(deleted second paragraph full of business/contract stuff)


Raechel Henderson Moon

Still no advance, but the royalties are a generous deal. I'm a bit flattered. Mostly I feel very... unsettled. Don't know the publication date as yet.

Thursday, July 07, 2005

still more news

Jeez, busy day. Okay, first I find this Livejournal rant about the declining state of SF magazines. Looks like I'm not the only one who's bored with the post-modernist LeBrea pits.

Secondly, Greg "The Source" Araujo sent me this link. Want one now.

Tuesday, June 14, 2005

feeding my brain

I bought two books today at lunchtime. There's a Borders three blocks away from my office, which cost me a great deal of paycheck, the first couple years I worked here. It's a great place to pass a lunch hour--especially in the summer, among the cool, quiet stacks that smell of bleached paper and soy-based inks.

I went in there semi-seriously looking for a tome on Catholicism in nineteenth-century America. I know such a work exists: I've seen some on Amazon, but today I just wanted to do some skimming, not buying.

Instead I got sidetracked by the African-American studies. I saw the endcap, with a new compilation of slave narratives, and figured I could pick up some anecdotes. I found a thin bound copy of Booker T. Washington's Up From Slavery, for the whopping price of $2. I knew who Booker T. was, but I never had heard of this book. Maybe I read an excerpt and forgot about it. We didn't even cover him in Minority Lit, in college. Still, for $2, every kid in America ought to be made to read this. It's not a man with an ax to grind or a scholar trying to build a reputation. He's just a guy telling it like it was.

The other book I got is way more fun: Lotions, Potions, and Deadly Elixirs: Frontier Medicine in America. It's a hoot. Beautifully bound and printed on glossy paper, with a number of proofreading errors that set my teeth on edge, it's both informative and entertaining. The first half is anecdotal and expository; the back half is an encyclopedia.
Applying vinegar mildly pickled the top layers of the skin. Regardless of the smell, and the desire to bite oneself, vinegar helped relieve sunburn and similar skin irritations. When applied to irritated skin, vinegar makes skin sting before it feels better. That is perhaps why it found little favor in treating minor hemorrhoid flare-ups or burning bottoms caused from improper wipings with pine straw or leaves.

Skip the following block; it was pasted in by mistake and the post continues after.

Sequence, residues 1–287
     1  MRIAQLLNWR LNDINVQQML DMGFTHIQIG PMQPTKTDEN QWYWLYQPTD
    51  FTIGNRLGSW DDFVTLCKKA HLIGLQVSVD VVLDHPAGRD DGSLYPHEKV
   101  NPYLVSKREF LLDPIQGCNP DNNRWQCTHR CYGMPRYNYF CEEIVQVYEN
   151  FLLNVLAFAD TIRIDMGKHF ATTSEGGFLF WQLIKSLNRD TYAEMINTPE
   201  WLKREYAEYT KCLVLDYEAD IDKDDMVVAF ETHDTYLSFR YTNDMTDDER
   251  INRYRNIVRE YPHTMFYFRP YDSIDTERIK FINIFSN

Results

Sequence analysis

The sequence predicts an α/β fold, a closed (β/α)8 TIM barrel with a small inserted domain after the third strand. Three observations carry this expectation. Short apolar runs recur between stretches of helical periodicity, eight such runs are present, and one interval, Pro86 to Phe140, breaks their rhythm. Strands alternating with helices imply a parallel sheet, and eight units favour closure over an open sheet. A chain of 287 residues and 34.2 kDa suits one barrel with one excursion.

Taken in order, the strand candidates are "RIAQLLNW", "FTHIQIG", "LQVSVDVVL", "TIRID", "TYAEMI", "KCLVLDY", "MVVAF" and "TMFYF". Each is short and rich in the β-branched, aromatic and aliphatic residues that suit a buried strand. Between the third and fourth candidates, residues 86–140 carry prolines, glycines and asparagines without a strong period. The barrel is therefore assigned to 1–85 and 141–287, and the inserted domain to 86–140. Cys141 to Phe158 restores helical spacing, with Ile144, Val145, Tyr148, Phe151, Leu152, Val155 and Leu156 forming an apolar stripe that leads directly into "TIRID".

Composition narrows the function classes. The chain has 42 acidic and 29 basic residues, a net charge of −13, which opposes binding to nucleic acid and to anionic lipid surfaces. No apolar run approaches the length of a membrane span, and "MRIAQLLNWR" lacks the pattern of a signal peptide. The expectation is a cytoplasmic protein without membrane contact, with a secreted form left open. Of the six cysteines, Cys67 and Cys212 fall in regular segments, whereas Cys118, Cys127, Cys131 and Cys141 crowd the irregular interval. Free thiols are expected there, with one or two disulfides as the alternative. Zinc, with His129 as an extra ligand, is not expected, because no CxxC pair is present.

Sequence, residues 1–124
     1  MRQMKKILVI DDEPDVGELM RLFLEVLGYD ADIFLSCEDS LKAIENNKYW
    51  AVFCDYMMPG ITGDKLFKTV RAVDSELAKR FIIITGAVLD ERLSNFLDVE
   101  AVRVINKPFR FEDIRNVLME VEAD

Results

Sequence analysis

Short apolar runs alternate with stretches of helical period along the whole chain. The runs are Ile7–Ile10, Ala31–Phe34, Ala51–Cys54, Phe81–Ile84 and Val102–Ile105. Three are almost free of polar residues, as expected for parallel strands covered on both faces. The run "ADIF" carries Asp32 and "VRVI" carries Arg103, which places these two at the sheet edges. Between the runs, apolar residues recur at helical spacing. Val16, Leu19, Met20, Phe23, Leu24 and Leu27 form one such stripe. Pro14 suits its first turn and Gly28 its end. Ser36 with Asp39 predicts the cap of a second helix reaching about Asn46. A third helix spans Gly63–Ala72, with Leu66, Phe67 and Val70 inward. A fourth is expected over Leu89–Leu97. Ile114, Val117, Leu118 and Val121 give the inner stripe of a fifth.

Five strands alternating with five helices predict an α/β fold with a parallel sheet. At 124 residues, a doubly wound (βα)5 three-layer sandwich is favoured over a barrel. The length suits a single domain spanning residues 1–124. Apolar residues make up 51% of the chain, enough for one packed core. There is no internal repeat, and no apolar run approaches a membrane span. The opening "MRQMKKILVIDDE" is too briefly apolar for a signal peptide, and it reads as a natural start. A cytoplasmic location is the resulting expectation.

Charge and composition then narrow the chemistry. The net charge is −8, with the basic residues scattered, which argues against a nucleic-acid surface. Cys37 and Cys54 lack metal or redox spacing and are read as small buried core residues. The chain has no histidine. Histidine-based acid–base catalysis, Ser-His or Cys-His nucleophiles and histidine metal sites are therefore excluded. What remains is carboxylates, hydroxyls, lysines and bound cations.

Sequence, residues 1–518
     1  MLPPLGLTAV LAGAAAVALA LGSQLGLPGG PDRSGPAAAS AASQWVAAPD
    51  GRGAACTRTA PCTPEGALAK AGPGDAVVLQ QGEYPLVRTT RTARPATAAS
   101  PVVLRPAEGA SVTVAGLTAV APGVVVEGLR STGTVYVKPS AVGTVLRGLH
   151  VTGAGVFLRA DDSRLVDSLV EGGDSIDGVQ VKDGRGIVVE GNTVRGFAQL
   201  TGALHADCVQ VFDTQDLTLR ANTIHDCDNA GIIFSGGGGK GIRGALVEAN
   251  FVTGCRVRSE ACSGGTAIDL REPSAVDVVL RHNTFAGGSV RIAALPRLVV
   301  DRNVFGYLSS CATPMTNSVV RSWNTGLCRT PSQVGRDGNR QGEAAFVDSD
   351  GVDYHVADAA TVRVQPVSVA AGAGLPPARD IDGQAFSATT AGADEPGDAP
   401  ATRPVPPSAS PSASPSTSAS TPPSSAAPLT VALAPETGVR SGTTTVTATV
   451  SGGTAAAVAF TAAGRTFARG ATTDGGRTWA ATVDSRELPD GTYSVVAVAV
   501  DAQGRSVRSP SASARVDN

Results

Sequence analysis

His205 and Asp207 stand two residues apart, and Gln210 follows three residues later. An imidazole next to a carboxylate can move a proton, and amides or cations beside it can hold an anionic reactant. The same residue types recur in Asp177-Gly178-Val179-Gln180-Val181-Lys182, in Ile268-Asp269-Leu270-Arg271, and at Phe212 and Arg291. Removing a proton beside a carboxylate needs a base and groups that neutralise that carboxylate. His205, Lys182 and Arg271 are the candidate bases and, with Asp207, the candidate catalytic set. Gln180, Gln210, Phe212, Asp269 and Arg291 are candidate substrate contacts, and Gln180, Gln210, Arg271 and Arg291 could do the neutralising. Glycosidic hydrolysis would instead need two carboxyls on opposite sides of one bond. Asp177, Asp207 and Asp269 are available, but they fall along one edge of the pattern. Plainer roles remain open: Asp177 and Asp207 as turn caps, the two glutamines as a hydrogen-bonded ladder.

I kid you not. The author also relates how his Grandma doctored everybody with coal tar and veterinary medicines, fried her chicken in lard, ate eggs and bacon for breakfast every day, dipped snuff and still lived to be ninety-four. My kind of woman. I figure with modern advances in medicine--and less chance of contracting parasites--I can make it to a hundred and four.

Monday, June 13, 2005

from a review of Batman Begins

The film works as a commentary on not only Osama Bin Laden's crusade against the West, but also Bush Jr.'s crusade against the Middle East. It's all about fear and loathing, this high profile, big-budget product of a post-millennial United States...

I give up. I absolutely freaking give up.

giving credit where due

Well, Eric Martin at Lone Star Stories rejected EOTL, too (talk about fast turnaround), but he recommended I send it to Jintsu, which publishes novellas as e-books. I dunno, I'm kinda like, if I wanted to go the electronic route, I'd just post it myself. I'm not sure if I'm gaining anything to e-publish something people have to pay for, because I'm of the opinion that they won't. I could be wrong.

Anyhoo, I watched two movies this weekend: Unforgiven, the Eastwood opus of 1992, and White Noise, with Michael Keaton. They were both decent and both flawed in different ways, I think. They did their jobs.